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>>Mad about Monica
Who says a Republican in the White House means no more presidential-intern talk? Lauren G. Berlant, professor of English language & literature, believes there's more to be said. In the anthology Our Monica, Ourselves: The Clinton Affair and the National Interest (New York University Press, 2001), Berlant and co-editor Lisa Duggan of New York University offer retrospective assessments of the Monica Lewinsky affair by 24 journalists, scholars, and activists. Essays range from a wry riff on Linda Tripp jokes to a historical analysis linking President Clinton's impeachment to the history of the right wing since the New Deal.

PHOTO:  Small Magellanic Cloud

>>Let there be silicon and iron
Until recently astronomers have assumed that silicon was produced more abundantly than iron in the early lifetimes of young, distant galaxies. But new findings from the Hubble Space Telescope suggest that both of those heavy elements may have been produced in comparable amounts-a possibility that will help researchers better understand star formation. The findings, presented by senior research associate Daniel Welty, SM'79, PhD'85, at the June 4 American Astronomical Society meeting, are based on analyses of gas and dust in the Small Magellanic Cloud, 200,000 light years away. Welty's co-authors are astronomy & astrophysics professor Lewis M. Hobbs and Donald G. York, PhD'71, the Horace B. Horton professor in astronomy & astrophysics.

>>Do herbs and surgery mix?
Why and when patients should stop using herbal medications before undergoing surgery depends on the herb being used, say anesthesia and critical care assistant professor Chun-Su Yuan, professor Jonathan Moss, and senior resident Michael K. Ang-Lee in the July 11 Journal of the American Medical Association. Their study assesses interactions between eight commonly used herbs (echinacea, ephedra, garlic, ginkgo, ginseng, kava, St. John's wort, and valerian), anesthesia, and surgery, suggesting ways to reduce risks.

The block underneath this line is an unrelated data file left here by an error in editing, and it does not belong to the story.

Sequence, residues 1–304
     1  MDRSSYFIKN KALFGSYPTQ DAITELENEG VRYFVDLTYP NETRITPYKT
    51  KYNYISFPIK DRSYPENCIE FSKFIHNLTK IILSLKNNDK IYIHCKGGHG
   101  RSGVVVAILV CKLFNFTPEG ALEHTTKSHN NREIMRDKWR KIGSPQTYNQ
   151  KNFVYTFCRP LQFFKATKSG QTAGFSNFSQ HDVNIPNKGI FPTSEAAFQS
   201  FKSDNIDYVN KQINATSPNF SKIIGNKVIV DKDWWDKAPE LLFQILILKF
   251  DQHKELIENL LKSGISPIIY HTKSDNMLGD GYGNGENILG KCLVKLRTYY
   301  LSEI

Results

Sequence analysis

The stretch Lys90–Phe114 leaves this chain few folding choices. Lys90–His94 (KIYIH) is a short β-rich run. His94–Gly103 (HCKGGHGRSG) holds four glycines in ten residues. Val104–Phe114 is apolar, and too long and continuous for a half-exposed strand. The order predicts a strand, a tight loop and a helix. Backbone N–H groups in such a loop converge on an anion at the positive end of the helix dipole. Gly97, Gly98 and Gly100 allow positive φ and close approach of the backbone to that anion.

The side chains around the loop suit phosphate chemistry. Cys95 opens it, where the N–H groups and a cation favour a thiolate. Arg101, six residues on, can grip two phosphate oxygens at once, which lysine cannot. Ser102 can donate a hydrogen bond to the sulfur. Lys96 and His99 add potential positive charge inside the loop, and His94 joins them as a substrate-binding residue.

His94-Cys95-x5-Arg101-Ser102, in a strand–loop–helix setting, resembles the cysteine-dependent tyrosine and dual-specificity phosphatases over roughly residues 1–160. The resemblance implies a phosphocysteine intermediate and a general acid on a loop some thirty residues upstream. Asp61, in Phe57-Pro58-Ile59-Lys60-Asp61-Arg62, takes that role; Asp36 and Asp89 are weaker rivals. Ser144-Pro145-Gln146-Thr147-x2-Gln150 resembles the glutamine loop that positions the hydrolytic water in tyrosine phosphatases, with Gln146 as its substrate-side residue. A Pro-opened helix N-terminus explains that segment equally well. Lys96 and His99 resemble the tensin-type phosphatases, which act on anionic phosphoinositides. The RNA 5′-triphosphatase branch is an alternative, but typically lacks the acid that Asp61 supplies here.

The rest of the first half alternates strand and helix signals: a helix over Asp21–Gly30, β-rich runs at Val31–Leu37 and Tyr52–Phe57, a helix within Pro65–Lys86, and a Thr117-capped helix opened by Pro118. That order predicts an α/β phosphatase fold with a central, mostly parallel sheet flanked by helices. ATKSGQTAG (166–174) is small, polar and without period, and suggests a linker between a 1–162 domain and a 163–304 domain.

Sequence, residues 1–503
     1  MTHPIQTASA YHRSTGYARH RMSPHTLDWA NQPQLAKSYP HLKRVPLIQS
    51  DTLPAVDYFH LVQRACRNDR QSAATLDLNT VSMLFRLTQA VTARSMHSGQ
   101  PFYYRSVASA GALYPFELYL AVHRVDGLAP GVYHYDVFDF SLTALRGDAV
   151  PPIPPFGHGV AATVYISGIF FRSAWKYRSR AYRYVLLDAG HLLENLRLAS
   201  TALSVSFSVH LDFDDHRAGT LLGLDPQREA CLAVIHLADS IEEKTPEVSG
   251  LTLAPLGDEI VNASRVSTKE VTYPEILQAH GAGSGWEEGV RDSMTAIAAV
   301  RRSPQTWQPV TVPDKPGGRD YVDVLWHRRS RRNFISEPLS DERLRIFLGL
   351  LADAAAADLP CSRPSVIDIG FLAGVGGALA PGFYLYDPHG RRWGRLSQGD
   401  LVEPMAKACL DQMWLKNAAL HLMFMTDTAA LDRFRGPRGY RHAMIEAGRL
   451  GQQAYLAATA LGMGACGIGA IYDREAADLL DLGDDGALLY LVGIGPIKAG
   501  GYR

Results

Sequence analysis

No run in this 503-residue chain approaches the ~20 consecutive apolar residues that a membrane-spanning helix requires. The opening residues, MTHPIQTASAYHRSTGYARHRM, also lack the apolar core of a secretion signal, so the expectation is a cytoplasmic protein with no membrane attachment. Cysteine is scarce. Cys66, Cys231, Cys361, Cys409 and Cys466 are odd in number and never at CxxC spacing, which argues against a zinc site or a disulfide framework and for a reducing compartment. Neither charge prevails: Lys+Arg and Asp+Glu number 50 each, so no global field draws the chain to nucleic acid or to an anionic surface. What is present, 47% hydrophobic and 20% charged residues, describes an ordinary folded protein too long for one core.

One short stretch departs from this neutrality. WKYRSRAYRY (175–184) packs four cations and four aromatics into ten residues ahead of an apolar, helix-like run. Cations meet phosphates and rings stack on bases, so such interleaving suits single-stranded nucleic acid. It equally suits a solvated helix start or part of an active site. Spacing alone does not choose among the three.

>>Mirror, mirror
In the 1960s British theoretical physicist Nevill Mott described how glass and other amorphous substances can function as semiconductors by changing between electrically conductive (metallic) and insulating (nonmetallic) states. Physicists quickly figured out that lacing certain simple compounds with hydrogen can turn shiny metal conductors into clear insulators. But how to turn them back again? By flashing the compounds-in this case, hydrides of the rare earth elements yttrium and lanthanum-with ultraviolet light, reports Thomas F. Rosenbaum, professor of physics, in the June 4 Physical Review Letters. Such UV-switchable mirrors are intriguing both in their basic physics and for possible applications in optical computing and fiber-optic network switching, where researchers seek tricks for controlling light with light.

>>Few grim prognoses
In only 37 percent of cases are physicians willing to give terminally ill cancer patients their best estimate of how long the patient might expect to live. So says a study by Nicholas Christakis, associate professor of medicine and sociology, and Elizabeth B. Lamont, SM'00, internal medicine instructor, in the July 19 Annals of Internal Medicine. In 40 percent of cases the doctors said they would knowingly provide an inaccurate estimate of survival time-usually an overestimate-and in 23 percent the doctors said they would refuse to provide any estimate. Physicians want to give patients hope, but the authors say withholding bad news prevents patients from making informed choices.

>>Rare neonatal diabetes gene
A complete deficiency of glucokinase, an enzyme that helps regulate blood-sugar levels, is the culprit in a rare form of neonatal diabetes, according to a report in the May 24 New England Journal of Medicine. Co-authored by Graeme I. Bell, professor of biochemistry & molecular biology, the study links the genetic defect to permanent neonatal diabetes mellitus, which occurs in one in 400,000 live births. -S.A.S.

  AUGUST 2001

  > > Volume 93, Number 6

  > > Consuming interests
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The iron taxman cometh
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Street arts
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